Nature humaine by Serge Joncour
Even the most urban-centric people in contemporary France remember the two natural events that form the backdrop of Serge Joncour’s latest novel: the drought of 1976 and the great windstorms of 1999.
Joncour brings to life the transformations of the French countryside between these two decades through the story of a family of farmers–particularly that of Alexandre, the son who takes over the farm with mixed enthusiasm when his three sisters move to the city.
Even though the novel’s descriptions of nature and daily life in the country are very accomplished, its truly remarkable quality is the attention paid to its characters–with the portrayal of Alexandre being of particular power. He is a beautiful character: resigned to his fate as a farmer’s son, he nevertheless shows impressive determination in both how he does his job and thus his relationship to nature (there are wonderful subtle ecological and political undercurrents in the novel) and in his love for Constanze–a young woman from East Germany, whose personality and life story would have by all accounts made a relationship with someone like Alexandre impossible when they first met while she was a student in Toulouse.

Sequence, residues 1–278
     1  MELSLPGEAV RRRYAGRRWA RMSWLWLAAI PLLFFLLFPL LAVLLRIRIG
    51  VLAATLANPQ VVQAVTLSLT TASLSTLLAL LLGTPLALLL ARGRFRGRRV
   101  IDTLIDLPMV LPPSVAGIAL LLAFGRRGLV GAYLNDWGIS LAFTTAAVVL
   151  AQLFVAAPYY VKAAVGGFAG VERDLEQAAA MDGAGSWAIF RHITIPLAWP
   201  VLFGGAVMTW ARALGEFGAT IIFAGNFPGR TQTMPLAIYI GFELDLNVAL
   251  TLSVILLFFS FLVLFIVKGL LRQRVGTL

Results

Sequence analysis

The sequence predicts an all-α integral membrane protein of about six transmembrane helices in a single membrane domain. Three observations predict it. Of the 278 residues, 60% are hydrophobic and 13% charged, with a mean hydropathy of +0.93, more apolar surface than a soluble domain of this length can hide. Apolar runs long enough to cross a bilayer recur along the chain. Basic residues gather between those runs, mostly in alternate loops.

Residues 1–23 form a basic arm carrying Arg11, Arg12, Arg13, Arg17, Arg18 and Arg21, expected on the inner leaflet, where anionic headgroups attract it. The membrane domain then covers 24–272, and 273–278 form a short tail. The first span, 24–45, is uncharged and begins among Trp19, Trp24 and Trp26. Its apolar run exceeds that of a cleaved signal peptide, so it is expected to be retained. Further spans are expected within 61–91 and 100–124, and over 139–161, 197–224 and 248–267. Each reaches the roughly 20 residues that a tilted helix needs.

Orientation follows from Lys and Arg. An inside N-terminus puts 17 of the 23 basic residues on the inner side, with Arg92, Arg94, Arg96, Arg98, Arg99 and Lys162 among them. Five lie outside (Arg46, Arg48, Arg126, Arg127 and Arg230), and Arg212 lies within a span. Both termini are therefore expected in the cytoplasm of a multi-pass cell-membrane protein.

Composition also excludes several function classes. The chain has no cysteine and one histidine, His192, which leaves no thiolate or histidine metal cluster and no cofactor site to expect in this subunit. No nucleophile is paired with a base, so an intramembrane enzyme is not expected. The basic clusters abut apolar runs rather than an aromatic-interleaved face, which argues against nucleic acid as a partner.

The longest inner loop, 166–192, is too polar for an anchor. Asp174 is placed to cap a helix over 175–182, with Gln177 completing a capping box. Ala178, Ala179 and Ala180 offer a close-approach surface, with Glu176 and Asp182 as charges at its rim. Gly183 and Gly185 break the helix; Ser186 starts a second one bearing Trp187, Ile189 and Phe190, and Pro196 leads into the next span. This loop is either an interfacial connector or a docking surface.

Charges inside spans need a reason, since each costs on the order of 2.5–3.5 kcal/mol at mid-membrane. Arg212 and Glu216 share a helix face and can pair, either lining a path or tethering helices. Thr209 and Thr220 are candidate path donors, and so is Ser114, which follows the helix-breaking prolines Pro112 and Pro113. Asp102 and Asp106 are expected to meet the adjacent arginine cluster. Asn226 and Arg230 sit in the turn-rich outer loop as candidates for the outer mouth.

What is most important in life? This is what you may be reflecting on when finishing this beautiful and delicate book by Serge Joncour (as well as the desire to immediately immerse yourself in the silence and beauty of the Causses, Lot, or other natural spaces that have still miraculously escaped the all-invasive urbanization of the world).
Nature humaine by Serge Joncour, Flammarion
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